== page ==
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We will also post relevant news worthy items and information on Human rights issues, racism, extremist individuals and groups and far right political parties from around the world although predominantly Britain.

Tuesday, 24 August 2010


As Italy is bracing to expel from the country all European Union (EU) citizens that had violated basic requirements for living in the country, the interior minister has complained that unlike in France, many Roma have Italian citizenship. "Yes, expulsions just like those for illegal immigrants, not assisted or voluntary repatriations," Roberto Maroni told the Corriere della Sera daily in an interview published Saturday. "Naturally just for those who violate rules on requirements for living in another (EU) member state: a minimum level of income, adequate housing and not being a burden on the social welfare system of the country hosting them. Many Roma are EU citizens but do not respect any of these requirements." The policy would apply to all non-Italian EU citizens who fail to meet certain criteria, not just Roma, said Maroni when asked if such a plan would be discriminatory. "If anything, the problem is something else: unlike in France, many Roma and Sinti here have Italian citizenship. They have the right to remain here. Nothing can be done." Maroni's comments were harshly criticized by the political opposition, which accused the minister’s policy of racism. "The government is making distorted, discriminatory and racist use of indisputable principles like the right to security and respect of law," Leoluca Orlando, spokesman for the Italy of Values, said in a statement. "Faced with a clearly discriminatory attitude towards Roma who are EU citizens, we're forced to talk about a false respect for legality and a degeneration of European rules."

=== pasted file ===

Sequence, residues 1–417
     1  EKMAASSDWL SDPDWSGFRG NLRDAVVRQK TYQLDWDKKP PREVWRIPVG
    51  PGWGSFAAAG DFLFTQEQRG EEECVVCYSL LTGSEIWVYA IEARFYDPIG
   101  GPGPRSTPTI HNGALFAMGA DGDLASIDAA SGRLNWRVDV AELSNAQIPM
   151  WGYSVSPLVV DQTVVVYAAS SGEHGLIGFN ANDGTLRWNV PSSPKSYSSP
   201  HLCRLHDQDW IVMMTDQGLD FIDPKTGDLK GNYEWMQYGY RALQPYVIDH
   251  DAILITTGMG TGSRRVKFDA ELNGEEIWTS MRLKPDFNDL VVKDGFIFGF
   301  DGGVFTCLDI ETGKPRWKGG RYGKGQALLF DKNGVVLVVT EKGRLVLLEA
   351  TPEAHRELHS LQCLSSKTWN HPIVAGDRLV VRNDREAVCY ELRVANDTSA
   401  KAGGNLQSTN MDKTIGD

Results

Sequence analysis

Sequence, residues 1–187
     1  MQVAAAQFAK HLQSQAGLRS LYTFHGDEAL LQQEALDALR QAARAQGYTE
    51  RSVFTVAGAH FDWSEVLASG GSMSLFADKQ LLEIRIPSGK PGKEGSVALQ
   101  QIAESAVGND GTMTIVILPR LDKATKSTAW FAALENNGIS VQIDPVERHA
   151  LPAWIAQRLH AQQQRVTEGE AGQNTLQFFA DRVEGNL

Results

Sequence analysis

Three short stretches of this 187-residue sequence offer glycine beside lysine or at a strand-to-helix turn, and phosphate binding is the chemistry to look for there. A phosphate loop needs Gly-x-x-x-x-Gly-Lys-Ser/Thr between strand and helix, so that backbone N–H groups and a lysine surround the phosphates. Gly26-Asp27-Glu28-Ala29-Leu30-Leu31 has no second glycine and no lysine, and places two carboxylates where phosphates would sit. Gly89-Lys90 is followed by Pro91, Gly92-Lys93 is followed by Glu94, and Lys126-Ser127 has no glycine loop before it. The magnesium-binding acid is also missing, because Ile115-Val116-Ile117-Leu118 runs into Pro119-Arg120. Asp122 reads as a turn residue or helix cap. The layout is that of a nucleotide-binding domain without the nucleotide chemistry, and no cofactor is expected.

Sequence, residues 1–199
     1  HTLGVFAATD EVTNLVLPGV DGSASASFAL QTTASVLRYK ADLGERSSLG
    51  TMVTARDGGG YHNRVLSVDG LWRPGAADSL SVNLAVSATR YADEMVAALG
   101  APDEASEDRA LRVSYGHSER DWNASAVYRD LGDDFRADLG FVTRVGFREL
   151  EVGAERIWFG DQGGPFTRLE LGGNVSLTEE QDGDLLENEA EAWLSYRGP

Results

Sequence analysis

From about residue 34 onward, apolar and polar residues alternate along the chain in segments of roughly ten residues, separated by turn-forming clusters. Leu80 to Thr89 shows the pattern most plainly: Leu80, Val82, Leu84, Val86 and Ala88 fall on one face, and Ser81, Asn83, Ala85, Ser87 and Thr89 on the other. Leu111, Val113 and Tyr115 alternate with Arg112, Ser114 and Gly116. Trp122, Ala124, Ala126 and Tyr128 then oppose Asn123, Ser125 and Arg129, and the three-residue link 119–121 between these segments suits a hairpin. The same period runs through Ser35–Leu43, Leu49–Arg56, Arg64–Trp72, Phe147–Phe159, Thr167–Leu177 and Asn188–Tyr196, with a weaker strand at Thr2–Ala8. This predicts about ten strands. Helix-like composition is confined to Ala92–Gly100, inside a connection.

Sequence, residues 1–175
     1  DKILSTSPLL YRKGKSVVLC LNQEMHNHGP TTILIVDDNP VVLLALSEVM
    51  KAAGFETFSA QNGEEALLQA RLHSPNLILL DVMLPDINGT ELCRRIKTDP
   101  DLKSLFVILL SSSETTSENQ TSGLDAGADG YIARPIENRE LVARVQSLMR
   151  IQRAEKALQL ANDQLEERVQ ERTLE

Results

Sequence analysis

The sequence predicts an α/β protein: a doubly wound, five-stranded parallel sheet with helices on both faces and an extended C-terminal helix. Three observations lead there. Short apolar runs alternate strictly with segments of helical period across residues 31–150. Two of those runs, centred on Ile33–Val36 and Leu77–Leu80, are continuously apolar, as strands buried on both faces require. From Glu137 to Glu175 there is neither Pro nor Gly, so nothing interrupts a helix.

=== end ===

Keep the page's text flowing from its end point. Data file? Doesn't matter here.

France continued with its controversial deportation of Roma migrants on Friday afternoon, when 130 passengers boarded a charter plane, bound for Romania, and the first group of thirteen Roma landed in Sofia on a flight from Paris. A day earlier French authorities deported 86 Roma from illegal squatting camps to Romania in the largest expulsion seen in France since President Nicolas Sarkozy called for tougher action against Roma living in the country illegally. A total of 850 Roma persons will have to leave France by the end of August. The next deportation is expected for next Thursday, when 160 persons will be deported. Meanwhile, the French government made it clear it is reluctant to style its actions as "deportation", saying that Roma people are leaving the country by mutual agreement and for a compensation (EUR 300 per adult, EUR 100 per child), and also retain the right to return whenever they might wish. Roma from Romania and Bulgaria are allowed free passage into France if they are European Union citizens. After that, however, they must find work, start studies, or find some other way of becoming established in France or risk deportation. The French government said those Roma being deported this week have overstayed the three-month limit.